By Natalie Missakian
Julie Cardona has nothing but praise for the care she received at Aurora Senior Living of Cromwell, the nursing home where she lived for more than a year while recovering from damaged lungs.
But despite the great nurses and staff, she chafed at the regimentation of the home’s schedule. She couldn’t leave without a family member signing her out. And Cardona couldn’t play her accordion at the times she wanted—a huge sacrifice for the lifelong musician.
“I really missed it,” she said.
Cardona, 66, now lives independently in a North Haven senior apartment complex, with home health aides visiting five days a week. She’s also back to doing what she loves: performing accordion concerts with her sister, Mary Tokarski.
Cardona is one of thousands of Connecticut nursing home residents who have successfully moved back into the community since 2008, thanks to a state and federal push away from high-cost institutional care toward more home- and community-based options.
State officials and advocates for older adults hope an innovative state program to “rebalance” long-term care spending to boost nursing home alternatives will mean more stories like Cardona’s.
“We really are at the leading edge of reconfiguring the way nursing homes can operate in the future if this works,” said Claudio Gualtieri, AARP Connecticut associate state director for advocacy.
In March, Gov. Dannel P. Malloy (D) announced that seven Connecticut nursing homes would share grants totaling $9 million to change their business models. The goal: providing choices for people who want long-term care in their homes and communities.
That means more in-home care, respite care and support to family caregivers, Gualtieri said. One facility, Hebrew Home in West Hartford, will receive up to $1.1 million to open a transitional wing for residents who can safely return to the community.
Rebuilding life skills
The home’s spokeswoman, Kristen Kinney, said the program will focus on life skills that patients often forget during nursing home stays, such as how to pay bills, read a bus schedule or write a shopping list.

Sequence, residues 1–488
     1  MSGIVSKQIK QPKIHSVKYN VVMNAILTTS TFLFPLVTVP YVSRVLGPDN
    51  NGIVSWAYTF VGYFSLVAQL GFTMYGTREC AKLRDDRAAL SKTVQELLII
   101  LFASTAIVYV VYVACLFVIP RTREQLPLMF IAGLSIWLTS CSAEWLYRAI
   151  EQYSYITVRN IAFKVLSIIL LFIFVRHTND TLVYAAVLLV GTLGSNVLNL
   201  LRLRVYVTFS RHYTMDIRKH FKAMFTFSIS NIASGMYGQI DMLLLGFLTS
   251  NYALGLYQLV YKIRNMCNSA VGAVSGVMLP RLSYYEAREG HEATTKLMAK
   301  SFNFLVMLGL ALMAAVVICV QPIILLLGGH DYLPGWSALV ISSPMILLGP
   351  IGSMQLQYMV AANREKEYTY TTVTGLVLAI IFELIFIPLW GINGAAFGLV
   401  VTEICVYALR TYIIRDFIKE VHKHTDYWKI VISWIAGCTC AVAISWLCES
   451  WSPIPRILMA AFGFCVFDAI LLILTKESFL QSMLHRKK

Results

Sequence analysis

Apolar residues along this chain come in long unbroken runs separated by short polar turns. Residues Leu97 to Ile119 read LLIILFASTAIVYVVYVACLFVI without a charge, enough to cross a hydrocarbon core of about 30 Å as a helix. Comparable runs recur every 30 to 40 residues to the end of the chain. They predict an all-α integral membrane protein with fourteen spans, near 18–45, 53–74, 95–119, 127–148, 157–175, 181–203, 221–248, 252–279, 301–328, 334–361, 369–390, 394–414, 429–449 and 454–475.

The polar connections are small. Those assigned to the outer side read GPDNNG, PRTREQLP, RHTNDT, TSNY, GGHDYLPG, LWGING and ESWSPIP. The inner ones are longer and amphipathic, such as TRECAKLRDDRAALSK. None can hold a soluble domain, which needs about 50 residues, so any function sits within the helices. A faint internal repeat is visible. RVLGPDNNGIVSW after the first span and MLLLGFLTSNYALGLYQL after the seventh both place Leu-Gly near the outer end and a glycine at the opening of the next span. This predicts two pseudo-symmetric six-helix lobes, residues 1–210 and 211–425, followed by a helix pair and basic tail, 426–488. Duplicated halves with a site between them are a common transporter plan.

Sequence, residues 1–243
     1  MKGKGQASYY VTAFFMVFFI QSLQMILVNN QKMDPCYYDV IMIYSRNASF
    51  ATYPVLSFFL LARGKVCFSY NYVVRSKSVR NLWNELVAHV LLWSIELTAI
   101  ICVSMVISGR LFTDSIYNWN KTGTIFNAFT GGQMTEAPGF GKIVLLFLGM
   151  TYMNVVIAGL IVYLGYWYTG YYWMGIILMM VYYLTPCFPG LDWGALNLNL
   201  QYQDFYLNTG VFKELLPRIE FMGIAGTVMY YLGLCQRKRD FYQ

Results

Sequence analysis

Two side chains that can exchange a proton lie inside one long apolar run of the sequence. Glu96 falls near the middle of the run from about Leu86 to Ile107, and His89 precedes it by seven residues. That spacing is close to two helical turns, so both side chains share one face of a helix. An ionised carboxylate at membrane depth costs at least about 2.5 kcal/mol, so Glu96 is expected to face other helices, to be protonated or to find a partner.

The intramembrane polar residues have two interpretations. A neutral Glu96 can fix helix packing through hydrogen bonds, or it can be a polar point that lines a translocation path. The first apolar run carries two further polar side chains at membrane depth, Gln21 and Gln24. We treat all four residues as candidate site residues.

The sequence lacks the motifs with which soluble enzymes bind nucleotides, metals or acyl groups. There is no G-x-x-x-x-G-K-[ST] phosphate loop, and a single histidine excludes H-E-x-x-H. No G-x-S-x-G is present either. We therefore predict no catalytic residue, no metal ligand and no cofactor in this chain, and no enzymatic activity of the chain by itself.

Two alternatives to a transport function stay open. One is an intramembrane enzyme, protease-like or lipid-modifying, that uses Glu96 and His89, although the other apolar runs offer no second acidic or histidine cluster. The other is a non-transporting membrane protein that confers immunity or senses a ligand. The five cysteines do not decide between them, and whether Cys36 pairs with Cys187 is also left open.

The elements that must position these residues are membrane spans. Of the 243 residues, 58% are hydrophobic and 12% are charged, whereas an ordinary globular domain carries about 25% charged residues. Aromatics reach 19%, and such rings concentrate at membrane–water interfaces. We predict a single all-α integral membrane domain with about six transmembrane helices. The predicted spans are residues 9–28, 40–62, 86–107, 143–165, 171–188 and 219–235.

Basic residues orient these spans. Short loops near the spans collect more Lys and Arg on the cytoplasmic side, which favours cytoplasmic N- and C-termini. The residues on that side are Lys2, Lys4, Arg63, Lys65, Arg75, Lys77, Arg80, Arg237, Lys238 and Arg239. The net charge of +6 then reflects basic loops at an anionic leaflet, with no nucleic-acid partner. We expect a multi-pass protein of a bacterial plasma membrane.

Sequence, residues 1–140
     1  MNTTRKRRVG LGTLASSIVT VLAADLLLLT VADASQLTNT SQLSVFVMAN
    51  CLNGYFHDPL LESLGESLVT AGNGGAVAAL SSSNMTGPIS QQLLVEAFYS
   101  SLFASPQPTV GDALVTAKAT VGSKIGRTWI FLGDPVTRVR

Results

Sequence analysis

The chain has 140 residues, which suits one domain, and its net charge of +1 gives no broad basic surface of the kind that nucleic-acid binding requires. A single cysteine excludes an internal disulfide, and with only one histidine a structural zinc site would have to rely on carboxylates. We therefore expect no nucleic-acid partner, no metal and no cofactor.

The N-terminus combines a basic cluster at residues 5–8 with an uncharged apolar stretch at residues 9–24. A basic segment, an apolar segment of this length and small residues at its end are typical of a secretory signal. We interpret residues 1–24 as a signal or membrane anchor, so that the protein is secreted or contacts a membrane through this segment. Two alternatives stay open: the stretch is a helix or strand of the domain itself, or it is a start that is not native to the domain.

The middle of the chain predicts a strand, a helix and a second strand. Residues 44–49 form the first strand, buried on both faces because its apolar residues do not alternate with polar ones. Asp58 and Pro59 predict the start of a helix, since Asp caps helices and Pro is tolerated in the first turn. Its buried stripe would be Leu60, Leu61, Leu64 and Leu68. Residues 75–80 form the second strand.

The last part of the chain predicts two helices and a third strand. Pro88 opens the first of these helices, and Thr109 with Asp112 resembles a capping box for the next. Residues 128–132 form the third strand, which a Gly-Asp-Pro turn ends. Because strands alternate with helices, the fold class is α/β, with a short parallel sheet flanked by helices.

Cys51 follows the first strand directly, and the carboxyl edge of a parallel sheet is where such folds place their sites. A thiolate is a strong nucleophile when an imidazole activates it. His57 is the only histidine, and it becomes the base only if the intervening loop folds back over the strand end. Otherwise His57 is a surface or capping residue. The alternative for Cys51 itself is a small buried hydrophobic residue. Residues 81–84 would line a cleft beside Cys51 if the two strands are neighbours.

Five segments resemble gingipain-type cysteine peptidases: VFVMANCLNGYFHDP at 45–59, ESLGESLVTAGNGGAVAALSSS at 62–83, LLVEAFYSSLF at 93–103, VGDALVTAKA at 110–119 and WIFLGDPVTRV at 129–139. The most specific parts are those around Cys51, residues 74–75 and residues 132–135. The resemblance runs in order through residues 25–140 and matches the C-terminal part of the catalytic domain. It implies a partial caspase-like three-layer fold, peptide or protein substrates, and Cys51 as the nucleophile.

“People are looking to receive services in more homelike settings, not institutional ones,” Kinney said. “We have long understood that we need to offer services in the places and ways in which seniors are looking to receive them.”
Nearly nine out of 10 older adults in Connecticut say they expect to age at home, according to University of Connecticut researchers.
But while spending on nursing homes has decreased since 2007, Connecticut still devotes close to 60 percent of its federal Medicaid long-term care dollars—around $1.8 billion—to institutional care. The grants will help consumers get more of what they want, said Dawn Lambert, project director for the state’s initiative.
Despite a growing elder population, Lambert said, demand for nursing homes is dropping. Since 2001, 35 skilled nursing facilities have closed in Connecticut, and projections show a surplus of more than 7,200 beds by 2025.
While it may seem contrary to the traditional mission of filling beds, forward-thinking nursing homes “see the writing on the wall” and know they must change to stay competitive, Gualtieri said.
The grants are funded through state bonds and an increase in federal Medicaid dollars under the Affordable Care Act, aimed at encouraging states to offer alternatives to nursing homes. The money will benefit nursing homes in Southington, New Haven, Torrington, Meriden, West Hartford and Fairfield. A second round of grant awards is expected this summer.
For more information about long-term care in Connecticut, call 211 or go to myplacect.org.
Natalie Missakian is a writer living in Cheshire, CT